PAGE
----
- Combat transnational and national criminal organizations and enterprises
- Combat major white-collar crime
- Combat significant violent crime
“The FBI is able to continue to fulfill its priorities in many different ways but some of the best ways we can do this is by forming partnerships. We continually work with our communities through programs such as the FBI Citizen Academies, CREST Programs, Adopt-A-School Program, and Junior Special Agent Programs,” Crump said. “We try to maintain a good working relationship with the media such as television, radio, and newspapers. We utilize billboards to raise community awareness in particular areas for specific crimes like we did with the ‘Sock Hat’ bandit, a serial bank robber.”
Crump went on to speak of forming partnerships with law enforcement as with the forming
of the Joint Terrorism Task Force, Violent Crimes Task Force, Cyber Task Force, Human Trafficking Task Force, and the Safe Streets Task Force.
The veteran agent also spoke of the importance of maintaining solid working relationships with the private sector. She quoted J. Edgar Hoover, “The most effective weapon against crime is cooperation … the efforts of all law enforcement agencies with the support and understanding of the American people.”
Special Agent Tracy Masington delivered the second half of the presentation by concentrating on case studies beginning with the FBI clearing a scene after a controlled detonation of an explosive device in south Beaumont on Feb. 8, 2018. Agent Masington further conveyed to the audience more of the cases recently handled by the FBI such as the cases of aggravated kidnapper Cody Melton who stabbed his girlfriend, then kidnapped her 4-year-old child; four southeast Texans found guilty of racketeering; the FBI raids of Harbor Hospice and the offices of Beaumont’s infamous Dr. Arfeen; a case involving Beaumont ISD employees and the embezzlement of $4 million; and a Beaumont mayor charged with accepting bribes.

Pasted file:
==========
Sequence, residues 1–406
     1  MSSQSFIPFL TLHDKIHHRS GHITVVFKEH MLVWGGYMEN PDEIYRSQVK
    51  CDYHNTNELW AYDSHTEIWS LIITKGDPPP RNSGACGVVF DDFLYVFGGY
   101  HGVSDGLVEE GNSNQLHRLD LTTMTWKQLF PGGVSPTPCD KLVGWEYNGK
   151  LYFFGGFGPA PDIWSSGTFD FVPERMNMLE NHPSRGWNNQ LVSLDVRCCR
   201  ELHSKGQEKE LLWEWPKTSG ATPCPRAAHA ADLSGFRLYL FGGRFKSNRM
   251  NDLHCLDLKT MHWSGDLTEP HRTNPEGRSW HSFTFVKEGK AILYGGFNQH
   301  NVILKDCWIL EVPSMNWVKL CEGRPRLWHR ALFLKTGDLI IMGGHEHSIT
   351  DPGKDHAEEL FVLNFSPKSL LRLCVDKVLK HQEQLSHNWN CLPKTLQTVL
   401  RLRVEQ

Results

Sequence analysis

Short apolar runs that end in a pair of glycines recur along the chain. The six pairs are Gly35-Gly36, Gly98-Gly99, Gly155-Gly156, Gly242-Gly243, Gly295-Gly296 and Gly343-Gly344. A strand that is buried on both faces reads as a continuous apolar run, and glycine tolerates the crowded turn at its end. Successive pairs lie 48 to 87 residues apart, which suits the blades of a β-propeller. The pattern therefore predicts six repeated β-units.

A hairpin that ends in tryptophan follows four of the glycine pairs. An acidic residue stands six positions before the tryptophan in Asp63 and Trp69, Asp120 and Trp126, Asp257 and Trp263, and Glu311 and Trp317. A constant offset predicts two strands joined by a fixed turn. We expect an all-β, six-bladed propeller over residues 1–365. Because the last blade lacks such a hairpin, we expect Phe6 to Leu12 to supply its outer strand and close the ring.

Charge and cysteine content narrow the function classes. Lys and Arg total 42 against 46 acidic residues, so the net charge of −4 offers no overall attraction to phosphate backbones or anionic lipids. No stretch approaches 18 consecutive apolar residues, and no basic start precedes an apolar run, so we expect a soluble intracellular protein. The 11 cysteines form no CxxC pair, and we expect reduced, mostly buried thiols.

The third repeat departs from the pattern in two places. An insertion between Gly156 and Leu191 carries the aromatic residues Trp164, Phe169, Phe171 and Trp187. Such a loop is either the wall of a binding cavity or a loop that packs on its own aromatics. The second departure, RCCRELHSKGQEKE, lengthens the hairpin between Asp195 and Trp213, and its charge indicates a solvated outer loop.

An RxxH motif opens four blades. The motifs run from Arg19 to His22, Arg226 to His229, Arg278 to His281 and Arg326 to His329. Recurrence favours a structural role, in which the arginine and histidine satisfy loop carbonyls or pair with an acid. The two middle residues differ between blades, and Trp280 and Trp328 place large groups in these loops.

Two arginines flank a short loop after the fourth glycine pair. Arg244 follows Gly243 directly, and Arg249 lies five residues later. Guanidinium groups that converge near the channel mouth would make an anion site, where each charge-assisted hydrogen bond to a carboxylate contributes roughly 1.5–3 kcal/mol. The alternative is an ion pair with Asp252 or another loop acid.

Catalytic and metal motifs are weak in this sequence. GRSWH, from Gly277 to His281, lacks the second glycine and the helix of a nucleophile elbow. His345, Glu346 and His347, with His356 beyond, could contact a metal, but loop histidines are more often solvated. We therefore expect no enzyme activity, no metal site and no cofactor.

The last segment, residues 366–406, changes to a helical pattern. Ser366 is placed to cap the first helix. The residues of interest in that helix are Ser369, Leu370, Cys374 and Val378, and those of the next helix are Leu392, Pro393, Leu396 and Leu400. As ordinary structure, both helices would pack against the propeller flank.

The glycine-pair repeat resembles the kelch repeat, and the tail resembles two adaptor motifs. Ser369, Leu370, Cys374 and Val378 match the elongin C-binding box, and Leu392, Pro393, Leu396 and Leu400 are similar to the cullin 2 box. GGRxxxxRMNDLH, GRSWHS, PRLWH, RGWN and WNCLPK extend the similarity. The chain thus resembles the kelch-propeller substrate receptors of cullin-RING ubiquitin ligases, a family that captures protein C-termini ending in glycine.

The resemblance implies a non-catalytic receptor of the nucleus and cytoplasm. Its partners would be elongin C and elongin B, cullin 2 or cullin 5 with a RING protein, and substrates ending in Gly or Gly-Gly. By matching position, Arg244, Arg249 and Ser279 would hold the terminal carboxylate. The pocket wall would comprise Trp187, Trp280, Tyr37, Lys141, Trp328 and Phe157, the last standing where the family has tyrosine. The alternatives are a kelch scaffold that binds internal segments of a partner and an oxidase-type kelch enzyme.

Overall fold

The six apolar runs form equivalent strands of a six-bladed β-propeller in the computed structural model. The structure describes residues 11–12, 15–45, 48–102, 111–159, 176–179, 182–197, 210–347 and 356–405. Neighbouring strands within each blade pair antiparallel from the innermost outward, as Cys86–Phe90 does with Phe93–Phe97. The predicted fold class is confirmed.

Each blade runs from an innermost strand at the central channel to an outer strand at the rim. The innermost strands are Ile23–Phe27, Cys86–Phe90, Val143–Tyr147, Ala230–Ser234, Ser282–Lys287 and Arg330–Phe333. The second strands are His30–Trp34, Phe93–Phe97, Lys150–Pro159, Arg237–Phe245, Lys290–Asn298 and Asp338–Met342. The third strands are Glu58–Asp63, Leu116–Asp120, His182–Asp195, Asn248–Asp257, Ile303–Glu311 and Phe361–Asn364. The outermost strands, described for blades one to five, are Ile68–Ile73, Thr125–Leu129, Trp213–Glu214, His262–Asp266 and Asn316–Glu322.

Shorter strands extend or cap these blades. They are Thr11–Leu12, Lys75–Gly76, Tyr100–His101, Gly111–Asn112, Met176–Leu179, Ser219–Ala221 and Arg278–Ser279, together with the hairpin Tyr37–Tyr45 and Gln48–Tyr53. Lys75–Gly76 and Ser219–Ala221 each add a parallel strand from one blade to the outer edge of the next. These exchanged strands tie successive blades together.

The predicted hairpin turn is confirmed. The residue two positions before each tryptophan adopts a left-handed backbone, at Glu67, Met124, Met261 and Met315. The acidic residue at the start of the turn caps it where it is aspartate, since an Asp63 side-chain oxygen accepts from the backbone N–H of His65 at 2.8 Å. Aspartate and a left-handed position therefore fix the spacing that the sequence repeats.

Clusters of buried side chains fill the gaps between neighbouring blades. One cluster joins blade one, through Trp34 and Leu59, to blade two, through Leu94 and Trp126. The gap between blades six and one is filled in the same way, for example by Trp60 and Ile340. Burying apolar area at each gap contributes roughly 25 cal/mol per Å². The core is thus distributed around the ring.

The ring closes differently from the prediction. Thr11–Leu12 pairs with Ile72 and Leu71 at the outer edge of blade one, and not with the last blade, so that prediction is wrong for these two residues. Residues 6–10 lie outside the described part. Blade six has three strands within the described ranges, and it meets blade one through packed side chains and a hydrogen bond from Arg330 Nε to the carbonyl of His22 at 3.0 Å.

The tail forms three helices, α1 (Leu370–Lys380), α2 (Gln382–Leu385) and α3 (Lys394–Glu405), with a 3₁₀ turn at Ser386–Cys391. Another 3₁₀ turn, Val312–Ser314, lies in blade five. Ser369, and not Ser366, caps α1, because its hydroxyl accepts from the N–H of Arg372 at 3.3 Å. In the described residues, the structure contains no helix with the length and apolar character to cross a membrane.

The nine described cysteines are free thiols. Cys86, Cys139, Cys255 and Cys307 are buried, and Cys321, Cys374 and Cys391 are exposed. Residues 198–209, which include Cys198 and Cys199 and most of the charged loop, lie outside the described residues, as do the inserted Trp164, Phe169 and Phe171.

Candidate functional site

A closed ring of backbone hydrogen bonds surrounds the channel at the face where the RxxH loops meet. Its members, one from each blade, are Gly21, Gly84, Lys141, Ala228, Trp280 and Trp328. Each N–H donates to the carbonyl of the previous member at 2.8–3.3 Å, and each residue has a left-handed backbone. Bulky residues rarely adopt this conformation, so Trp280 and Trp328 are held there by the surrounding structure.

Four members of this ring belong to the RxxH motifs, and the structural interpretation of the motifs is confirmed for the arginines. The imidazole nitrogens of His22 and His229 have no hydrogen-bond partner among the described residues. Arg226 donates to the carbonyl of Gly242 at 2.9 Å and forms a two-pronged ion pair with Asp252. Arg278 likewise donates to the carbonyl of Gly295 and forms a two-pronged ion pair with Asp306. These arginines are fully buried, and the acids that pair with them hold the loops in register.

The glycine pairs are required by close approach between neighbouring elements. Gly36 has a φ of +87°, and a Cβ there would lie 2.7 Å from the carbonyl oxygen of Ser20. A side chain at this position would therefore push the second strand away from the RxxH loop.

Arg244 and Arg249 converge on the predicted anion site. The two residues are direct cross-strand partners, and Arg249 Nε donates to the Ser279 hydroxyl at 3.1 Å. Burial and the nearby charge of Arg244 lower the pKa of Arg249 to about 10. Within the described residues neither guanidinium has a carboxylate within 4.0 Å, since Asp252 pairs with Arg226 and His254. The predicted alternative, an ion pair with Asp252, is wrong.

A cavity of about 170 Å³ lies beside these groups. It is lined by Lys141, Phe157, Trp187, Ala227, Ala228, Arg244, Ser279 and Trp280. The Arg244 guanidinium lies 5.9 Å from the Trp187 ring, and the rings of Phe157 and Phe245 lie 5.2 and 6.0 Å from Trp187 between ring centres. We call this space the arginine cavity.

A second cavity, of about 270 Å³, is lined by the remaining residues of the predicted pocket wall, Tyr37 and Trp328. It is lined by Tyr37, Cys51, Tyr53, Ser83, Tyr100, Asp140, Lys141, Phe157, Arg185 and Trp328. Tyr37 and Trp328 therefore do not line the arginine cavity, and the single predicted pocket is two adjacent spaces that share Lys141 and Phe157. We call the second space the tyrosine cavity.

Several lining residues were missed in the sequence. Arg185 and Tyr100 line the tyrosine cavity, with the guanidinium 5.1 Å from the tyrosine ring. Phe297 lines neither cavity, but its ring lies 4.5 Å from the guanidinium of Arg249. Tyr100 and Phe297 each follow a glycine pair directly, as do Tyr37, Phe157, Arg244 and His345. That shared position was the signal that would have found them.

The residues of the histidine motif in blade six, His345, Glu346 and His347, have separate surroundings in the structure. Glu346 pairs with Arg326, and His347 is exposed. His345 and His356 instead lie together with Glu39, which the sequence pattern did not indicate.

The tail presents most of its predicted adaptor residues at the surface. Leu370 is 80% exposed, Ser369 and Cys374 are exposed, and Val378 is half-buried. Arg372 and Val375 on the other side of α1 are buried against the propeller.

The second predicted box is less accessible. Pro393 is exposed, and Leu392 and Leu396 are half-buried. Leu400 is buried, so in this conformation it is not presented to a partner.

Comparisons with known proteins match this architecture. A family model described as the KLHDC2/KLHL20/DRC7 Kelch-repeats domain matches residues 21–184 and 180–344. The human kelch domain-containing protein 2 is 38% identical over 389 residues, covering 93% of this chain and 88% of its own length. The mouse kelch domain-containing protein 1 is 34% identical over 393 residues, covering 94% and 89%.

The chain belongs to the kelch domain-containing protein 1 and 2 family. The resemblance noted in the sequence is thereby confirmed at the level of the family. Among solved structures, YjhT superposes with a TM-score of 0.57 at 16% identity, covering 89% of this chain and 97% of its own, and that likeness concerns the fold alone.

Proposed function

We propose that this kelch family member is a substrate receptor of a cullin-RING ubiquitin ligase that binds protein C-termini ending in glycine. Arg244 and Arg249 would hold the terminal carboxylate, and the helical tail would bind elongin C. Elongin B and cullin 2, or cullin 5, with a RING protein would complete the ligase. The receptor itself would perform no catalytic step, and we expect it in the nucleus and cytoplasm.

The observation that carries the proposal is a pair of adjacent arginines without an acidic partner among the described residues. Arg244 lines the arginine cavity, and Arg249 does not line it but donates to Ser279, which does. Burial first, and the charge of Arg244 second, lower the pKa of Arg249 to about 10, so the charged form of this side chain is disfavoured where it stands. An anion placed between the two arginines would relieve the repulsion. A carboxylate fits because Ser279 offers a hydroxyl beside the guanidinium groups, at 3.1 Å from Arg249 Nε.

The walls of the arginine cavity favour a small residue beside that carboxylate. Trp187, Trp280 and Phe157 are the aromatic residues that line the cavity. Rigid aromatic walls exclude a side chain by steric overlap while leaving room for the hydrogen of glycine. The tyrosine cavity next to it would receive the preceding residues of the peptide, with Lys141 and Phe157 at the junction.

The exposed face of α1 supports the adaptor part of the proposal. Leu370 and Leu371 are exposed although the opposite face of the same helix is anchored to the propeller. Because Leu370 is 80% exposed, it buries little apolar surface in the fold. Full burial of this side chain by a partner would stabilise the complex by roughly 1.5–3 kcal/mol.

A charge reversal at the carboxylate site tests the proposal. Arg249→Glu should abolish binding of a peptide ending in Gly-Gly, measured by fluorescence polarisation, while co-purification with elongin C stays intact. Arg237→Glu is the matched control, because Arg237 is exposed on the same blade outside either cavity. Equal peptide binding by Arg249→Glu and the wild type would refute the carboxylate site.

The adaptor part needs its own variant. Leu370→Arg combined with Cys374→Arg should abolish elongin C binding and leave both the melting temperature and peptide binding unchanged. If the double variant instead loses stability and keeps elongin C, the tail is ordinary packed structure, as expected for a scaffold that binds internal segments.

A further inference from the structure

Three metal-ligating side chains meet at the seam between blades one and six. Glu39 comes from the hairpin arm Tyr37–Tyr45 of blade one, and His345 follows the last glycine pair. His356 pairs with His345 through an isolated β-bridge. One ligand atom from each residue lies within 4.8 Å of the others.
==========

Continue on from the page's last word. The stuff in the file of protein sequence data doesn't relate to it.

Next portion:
Some of the agency’s other interesting cases include the bank robber dubbed as the “Tall, Dark, and Handsome Bandit,” which was identified through the FBI working with the Daisetta Police Department. John Steven Stark was believed to have committed several bank robberies during 2012 in the Houston and Beaumont areas and he was a resident of Liberty County. After Stark was identified, the FBI was then able to track Stark and arrest him and he has since been sentenced to prison.
“This is the type of good working relationship all agencies should enjoy with all other law enforcement agencies,” said Chief Parrish. “It takes all of us working together, from the victim, our communities, and law enforcement, regardless of whatever agency is in charge of an investigation, to effectively make the system work as it should. This is the main ideology supporting our ‘Behind the Badges’ program.”
Parrish went on to say, “I appreciate our citizens whom continually show their support of law enforcement by attending Behind the Badges, and I’d like to give a special word of thanks to Agents Crump and Masington, as well as the FBI, for taking their time to come out and deliver such a great presentation.”
Daisetta Police Department will host the final chapter of “Behind the Badges” for the year of 2018 on Dec. 3 with a presentation from Liberty County Attorney Matthew Poston. Poston is the first prosecutor scheduled to appear and the department extends an open invitation to the public to attend the meeting, which will again be held at the Hull-Daisetta Volunteer Fire Department at 7 p.m.